New Zealand will need to make "some hard choices" in reducing the transport sector's emissions in achieving net zero emissions, with drastic changes proposed to meet emission targets.
By Logan Church and Anna Whyte
"It’s obvious we can't continue with business as usual," Transport Minister Michael Wood said today, as he launched consultation around potential transport policies to eliminate emissions.
That included one proposal in the consultation document to phase out the importation of light internal combustion engine (ICE) vehicles by 2035.
The document, Hīkina te Kohupara - Transport Emissions: Pathways to Net Zero by 2050, proposes pathways and changes to get the sector to almost zero by 2050.
It suggests multiple pathways to reach a 2050 goal of net zero carbon emissions from transport, with options including designing cities to better support public transport (including bikes and scooters), increasing the number of electric vehicles on the road, building better infrastructure to support sustainable transport, road user charges, boosting rail and coastal freight, and electrification of trucks and buses.
It also includes implementing land-user changes, public transport improvements and parking, congestion and distance-based pricing. Another proposal is to phase out the importation of light internal combustion engine (ICE) vehicles by 2035, ban the use of ICE vehicles by 2050, electrify the public transport bus fleet by 2035 and adopt biofuels in light vehicles.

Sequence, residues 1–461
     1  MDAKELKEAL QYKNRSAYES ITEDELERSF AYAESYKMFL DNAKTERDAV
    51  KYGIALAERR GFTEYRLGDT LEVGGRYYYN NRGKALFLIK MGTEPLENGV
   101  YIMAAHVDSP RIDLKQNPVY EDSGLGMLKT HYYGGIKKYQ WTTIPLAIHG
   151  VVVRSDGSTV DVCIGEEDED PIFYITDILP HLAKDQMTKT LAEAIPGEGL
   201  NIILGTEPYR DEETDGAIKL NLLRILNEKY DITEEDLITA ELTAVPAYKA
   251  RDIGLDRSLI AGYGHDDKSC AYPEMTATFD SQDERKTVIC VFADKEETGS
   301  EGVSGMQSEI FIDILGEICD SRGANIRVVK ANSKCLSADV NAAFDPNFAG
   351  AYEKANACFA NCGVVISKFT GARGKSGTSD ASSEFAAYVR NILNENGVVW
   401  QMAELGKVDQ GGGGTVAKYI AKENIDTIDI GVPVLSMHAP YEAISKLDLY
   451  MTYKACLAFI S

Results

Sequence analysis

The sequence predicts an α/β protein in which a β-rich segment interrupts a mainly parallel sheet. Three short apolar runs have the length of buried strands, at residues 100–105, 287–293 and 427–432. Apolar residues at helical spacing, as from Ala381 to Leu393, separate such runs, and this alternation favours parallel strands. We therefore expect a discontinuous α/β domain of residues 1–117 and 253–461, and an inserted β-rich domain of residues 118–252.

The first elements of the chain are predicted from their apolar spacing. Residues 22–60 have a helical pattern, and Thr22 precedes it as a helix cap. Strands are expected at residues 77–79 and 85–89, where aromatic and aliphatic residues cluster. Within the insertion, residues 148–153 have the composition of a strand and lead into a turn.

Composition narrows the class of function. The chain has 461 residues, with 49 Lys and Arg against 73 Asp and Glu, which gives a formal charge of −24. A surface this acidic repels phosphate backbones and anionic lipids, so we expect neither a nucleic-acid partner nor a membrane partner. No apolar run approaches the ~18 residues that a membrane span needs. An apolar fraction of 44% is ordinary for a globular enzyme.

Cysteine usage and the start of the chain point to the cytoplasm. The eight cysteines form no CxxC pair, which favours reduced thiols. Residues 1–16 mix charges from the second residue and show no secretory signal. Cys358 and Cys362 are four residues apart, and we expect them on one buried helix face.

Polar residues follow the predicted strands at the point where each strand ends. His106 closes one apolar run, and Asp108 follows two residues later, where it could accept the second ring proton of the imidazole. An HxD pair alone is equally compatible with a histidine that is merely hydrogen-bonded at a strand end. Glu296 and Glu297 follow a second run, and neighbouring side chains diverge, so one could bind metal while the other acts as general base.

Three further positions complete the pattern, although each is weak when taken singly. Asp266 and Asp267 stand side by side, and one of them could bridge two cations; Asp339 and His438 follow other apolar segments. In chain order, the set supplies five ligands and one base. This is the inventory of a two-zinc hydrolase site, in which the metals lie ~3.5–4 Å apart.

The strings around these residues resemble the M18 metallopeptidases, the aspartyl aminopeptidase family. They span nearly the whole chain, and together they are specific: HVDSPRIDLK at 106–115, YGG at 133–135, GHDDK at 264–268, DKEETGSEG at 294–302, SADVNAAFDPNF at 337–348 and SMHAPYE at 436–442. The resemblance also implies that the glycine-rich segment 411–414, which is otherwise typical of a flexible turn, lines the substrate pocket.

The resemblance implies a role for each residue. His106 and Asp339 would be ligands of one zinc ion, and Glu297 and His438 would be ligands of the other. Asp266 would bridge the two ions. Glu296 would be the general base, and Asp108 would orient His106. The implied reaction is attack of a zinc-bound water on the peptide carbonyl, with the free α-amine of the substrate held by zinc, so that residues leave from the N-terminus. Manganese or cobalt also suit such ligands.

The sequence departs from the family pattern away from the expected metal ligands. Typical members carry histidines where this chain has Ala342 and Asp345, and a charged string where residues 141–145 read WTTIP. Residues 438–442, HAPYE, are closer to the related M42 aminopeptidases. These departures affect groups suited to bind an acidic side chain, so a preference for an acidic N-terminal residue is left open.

Another theme suggested was to save energy by way of optimising freight routes and logistical improvements, shift from road freight to rail and shipping and to use biofuels for road freight and accelerating uptake of electric medium trucks.
Only one of the four proposed pathways meet the Climate Change Commission's draft recommendation of a 47 per cent reduction in transport emissions by 2035. The Transport Ministry said that would require, among other things, at least 758,000 electric vehicles to be on the roads by 2035, and 17,200 more buses.
The report does not provide any costs for proposed changes.
"Reducing emissions across the transport sector is an enormous undertaking, but it is achievable and will help support our economic recovery," Wood said.
"The transport sector currently produces 47 per cent of New Zealand’s CO2 emissions and between 1990 and 2018, domestic transport emissions increased by 90 per cent.
"We’ve already taken steps to reduce emissions but Hīkina te Kohupara shows we have to go much further," Wood said.
"While the pathways outlined in Hīkina te Kohupara are not Government policy, we want to have a national conversation about the changes we all need to make."
The document states 'not Government policy' in capital letters, written on each page.
Climate Change Minister James Shaw said cutting emissions from transport is "vital" when it comes to addressing the climate crisis.
"If we make smart decisions now then we can create a low carbon future for transport and put our communities on the path to net-zero carbon emissions by 2050."